That's a lot of money.
And it doesn't even take into account how many people just don't bother filing a service guarantee claim. I forget - a lot. I think I filed three in 2016.
Another thing I'm bad at is calling into Presto when the readers fail on the bus and I can't tap off. I'm charged for the whole bus trip to wherever it terminates. I think I spent close to $60 due to Presto card reader failures in 2016. So maybe, the Presto windfall due to reader failure cancels out the expense of service guarantees! Brilliant!
Anyone else feel that Metrolinx just doesn't have its house in order? It can't just be me.
Presto is a nightmare. Presto sure has its failures ... just yesterday notices finally went up on Facebook and Twitter informing cardholders that the self-load machines are experiencing technical difficulties. And since I have your attention, there's something else I'd like to point out. I get that Presto is frustrating, but those frustrations don't warrant harassment of Metrolinx spokespeople and the social media teams for Presto and Go Transit. You can voice an opinion (all the accounts are monitored and trust me when I say that people that matter do read the tweets and Facebook comments). I voice opinions all the time. What you shouldn't do is attack, berate and insult the people behind these accounts. It's not cool. In fact, when you are deliberately mean, no one will want to listen to you. And I don't care that these people are paid to represent the organization, they are not paid to be told to "eff off and die" and be subjected to verbal abuse.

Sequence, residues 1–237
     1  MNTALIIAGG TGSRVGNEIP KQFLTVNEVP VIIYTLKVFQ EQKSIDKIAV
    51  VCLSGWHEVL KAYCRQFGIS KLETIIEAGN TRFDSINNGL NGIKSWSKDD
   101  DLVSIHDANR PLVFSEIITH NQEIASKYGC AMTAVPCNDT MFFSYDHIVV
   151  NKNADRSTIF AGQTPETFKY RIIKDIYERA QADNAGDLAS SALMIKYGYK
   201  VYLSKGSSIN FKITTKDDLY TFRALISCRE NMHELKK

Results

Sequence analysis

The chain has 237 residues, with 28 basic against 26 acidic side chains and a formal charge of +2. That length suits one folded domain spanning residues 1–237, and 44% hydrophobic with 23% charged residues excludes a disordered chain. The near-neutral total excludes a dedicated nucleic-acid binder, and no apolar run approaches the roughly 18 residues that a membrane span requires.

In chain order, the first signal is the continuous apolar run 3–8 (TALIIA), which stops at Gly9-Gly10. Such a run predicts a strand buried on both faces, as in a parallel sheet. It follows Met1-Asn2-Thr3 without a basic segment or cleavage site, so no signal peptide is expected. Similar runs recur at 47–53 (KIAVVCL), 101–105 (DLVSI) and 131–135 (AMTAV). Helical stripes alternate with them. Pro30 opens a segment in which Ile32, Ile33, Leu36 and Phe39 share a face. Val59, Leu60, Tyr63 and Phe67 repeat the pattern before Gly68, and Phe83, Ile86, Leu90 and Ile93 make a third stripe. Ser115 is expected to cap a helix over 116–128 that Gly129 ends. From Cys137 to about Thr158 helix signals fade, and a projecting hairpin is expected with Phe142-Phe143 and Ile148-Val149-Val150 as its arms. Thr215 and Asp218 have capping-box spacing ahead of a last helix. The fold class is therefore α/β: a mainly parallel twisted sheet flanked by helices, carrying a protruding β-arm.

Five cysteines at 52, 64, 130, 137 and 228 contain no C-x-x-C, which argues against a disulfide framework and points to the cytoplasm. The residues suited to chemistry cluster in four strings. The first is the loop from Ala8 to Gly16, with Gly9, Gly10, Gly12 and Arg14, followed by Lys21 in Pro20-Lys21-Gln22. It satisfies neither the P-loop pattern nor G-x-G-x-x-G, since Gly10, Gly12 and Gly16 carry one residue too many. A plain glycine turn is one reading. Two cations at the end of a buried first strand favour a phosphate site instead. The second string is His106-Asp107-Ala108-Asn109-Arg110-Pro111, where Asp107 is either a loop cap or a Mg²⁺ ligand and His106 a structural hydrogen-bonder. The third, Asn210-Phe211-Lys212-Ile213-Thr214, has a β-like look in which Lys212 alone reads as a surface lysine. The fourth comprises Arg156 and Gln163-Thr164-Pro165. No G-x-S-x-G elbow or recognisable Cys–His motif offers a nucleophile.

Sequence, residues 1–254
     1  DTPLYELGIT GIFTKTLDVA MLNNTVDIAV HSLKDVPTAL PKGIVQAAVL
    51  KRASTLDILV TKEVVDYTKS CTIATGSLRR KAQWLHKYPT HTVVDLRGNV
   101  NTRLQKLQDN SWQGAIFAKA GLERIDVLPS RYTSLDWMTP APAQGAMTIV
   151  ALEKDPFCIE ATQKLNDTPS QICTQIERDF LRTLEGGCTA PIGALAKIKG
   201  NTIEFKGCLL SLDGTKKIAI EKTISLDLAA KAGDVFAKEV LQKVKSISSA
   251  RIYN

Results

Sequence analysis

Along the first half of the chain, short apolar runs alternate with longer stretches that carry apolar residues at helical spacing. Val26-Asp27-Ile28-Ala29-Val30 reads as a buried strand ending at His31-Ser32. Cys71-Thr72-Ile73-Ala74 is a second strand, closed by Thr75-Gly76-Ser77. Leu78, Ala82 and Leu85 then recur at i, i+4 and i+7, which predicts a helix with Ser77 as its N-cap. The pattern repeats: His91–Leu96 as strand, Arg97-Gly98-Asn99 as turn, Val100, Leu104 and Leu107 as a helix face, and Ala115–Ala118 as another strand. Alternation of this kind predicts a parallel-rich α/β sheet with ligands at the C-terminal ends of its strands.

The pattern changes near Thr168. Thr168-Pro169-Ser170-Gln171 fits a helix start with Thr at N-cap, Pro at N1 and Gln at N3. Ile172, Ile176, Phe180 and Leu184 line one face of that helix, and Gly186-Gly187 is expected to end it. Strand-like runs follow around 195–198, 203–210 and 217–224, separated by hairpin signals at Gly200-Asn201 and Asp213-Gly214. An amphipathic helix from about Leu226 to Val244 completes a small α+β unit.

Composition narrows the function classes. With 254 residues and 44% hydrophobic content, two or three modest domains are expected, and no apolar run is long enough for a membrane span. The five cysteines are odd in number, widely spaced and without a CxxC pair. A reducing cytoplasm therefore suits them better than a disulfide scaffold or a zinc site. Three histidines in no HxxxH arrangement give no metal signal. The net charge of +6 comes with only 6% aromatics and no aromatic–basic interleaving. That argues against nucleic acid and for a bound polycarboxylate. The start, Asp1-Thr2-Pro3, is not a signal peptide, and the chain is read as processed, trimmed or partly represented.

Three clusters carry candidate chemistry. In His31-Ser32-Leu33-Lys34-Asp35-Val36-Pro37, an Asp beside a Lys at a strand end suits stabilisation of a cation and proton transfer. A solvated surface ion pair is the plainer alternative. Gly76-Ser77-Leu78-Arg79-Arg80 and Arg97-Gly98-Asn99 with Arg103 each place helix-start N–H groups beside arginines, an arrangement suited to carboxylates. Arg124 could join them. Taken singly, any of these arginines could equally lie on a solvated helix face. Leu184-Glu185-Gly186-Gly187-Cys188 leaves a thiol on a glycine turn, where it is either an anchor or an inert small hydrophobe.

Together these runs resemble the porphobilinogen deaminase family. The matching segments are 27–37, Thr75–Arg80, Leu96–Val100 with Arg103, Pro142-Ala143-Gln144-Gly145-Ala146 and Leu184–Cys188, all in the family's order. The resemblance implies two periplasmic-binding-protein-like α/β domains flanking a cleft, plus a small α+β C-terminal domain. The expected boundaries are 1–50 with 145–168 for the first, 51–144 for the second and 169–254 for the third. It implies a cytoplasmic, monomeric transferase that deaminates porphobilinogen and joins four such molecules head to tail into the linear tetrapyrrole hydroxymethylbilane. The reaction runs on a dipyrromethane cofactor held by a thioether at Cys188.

Now where were we? Oh yeah, the cost of the GO Transit service guarantee. The Toronto Star story has some interesting statistics and the reporter managed to get a tally of the number of train delays from Metrolinx for the past three years:
2014: 3447 delays
2015: 4383 delays
2016: 4066 delays
The article also states: Factors that GO considers outside its control include police investigations, trespassing incidents, pedestrian collisions, and extreme weather.
I was interviewed for the article and I pointed out my on-going concern about a factor that does warrant a refund - engine failure. GO Transit doesn't have a solid plan for what to do when a train breaks down. Check out this story from 2013 and this past September's hostage-taking. History just repeats itself. Not having a plan proves to be very costly since September's breakdown resulted in all of us on the train being reimbursed $100 each.
Hopefully, this tremendous figure of $4 million warrants a solution.